Circuit City announced last week that it was closing 155 of its stores across the U.S. This week they filed Chapter 11 bankruptcy. According to a court filing, CFO Bruce Besanko stated, “In large part, a Chapter 11 filing is due to three factors, all of which contributed to a liquidity crisis that prevented the company from completing its turnaround goals outside of formal proceedings: erosion of vendor confidence, decreased liquidity and a global economic crisis.”
It has been reported that some creditors were even requiring upfront payments before shipping goods. In fact, I know of at least one vendor that would not sell to them on a cash basis due to the concern that they would file bankruptcy due to the “claw back” provisions in some bankruptcy proceedings.
When I covered, “Terms of Sale, who owns what and when do I get paid, knowing how and what you are really selling for both contractually and practically” a week ago, I was expecting Circuit City to wait until after the holidays to declare bankruptcy. They had made the announcement to close about 20% of their stores, a tough decision, but one that left some degree of consumer confidence in the remaining locations. I was optimistic that they might be able to sell their way out.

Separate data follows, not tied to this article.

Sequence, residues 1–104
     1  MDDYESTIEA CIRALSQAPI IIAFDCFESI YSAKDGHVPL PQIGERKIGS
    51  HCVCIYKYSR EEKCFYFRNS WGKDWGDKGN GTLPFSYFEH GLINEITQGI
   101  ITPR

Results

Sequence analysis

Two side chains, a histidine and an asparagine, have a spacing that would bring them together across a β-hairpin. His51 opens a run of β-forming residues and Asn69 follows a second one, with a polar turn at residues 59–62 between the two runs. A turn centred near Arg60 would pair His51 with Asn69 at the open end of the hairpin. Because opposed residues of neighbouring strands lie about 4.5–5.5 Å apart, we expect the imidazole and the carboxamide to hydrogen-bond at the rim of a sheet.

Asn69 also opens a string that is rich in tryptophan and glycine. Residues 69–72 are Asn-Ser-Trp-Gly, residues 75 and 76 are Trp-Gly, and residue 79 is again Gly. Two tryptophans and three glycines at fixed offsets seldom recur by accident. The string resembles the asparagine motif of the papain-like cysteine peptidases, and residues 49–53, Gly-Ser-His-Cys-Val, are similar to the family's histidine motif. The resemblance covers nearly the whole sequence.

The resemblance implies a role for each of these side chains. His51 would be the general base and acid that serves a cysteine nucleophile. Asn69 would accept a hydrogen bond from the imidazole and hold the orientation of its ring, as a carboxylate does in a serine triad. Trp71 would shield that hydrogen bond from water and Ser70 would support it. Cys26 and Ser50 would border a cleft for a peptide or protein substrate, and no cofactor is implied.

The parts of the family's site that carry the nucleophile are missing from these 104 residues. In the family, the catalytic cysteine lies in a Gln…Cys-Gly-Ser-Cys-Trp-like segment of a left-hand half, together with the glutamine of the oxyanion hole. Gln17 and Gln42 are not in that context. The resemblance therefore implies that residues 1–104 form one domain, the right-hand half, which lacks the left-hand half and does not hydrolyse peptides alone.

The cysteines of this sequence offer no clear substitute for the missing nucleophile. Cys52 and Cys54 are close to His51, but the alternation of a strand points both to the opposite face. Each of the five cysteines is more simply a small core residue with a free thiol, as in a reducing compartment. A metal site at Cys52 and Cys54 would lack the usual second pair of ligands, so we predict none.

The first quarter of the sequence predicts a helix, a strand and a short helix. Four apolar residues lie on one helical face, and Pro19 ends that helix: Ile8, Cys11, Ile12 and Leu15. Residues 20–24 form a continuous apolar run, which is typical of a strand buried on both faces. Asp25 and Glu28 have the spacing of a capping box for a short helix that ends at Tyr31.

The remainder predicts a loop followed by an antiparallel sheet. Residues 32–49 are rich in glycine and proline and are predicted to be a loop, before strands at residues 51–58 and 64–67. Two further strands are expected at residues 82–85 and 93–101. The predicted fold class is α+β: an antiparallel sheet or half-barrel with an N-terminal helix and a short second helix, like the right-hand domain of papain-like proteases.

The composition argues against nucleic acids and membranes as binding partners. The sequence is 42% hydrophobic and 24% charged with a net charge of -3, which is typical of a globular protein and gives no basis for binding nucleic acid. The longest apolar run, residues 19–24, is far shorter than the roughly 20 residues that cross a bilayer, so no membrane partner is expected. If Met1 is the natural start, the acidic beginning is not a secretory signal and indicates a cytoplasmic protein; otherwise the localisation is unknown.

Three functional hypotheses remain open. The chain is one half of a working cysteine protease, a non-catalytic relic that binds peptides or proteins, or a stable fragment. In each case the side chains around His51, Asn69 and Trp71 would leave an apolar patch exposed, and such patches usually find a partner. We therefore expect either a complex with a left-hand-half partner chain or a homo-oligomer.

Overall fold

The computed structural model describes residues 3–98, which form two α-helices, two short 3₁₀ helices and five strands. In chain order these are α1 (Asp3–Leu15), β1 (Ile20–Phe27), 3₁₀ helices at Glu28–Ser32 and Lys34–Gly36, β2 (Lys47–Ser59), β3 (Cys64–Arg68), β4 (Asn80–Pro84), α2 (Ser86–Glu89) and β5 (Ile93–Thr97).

But the weight of their liquidity issues, that of their vendors, most having their own issues with cash flow and credit lines, and contracted consumer spending rapidly deteriorated their ability to operate.
Having met with some of their buyers and merchandisers, I saw competence, methodical product reviews, and good business practices. I saw no wild bets on products, I was treated fairly as a vendor, and I was given reasonable milestones to gain product placement.
I don’t expect a government bail-out here like the banking industry, or the probable support of the automotive industry. Retailers are not key to international trade, nor could they be considered vital to national security.
Or maybe, they just don’t lobby very well….
“Using contract call centers for lead generation, sales, customer service and support, and disaster planning.”
“Small product and packaging changes can open new market opportunities with little additional cost.”
“Inventory from Raw Materials through the sales channel.”